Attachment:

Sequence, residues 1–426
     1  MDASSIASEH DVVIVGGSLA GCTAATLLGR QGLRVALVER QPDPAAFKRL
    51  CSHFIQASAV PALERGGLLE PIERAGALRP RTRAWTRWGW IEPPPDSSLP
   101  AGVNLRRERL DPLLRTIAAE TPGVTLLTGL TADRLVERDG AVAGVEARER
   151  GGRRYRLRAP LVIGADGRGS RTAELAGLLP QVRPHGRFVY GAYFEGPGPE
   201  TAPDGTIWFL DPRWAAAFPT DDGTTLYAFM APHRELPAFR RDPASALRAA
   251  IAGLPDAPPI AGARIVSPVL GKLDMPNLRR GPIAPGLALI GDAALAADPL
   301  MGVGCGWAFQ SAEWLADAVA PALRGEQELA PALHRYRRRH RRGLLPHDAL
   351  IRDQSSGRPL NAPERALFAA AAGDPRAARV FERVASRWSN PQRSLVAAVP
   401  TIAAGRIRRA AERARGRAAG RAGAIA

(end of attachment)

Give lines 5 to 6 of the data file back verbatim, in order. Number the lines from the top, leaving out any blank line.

   151  GGRRYRLRAP LVIGADGRGS RTAELAGLLP QVRPHGRFVY GAYFEGPGPE
   201  TAPDGTIWFL DPRWAAAFPT DDGTTLYAFM APHRELPAFR RDPASALRAA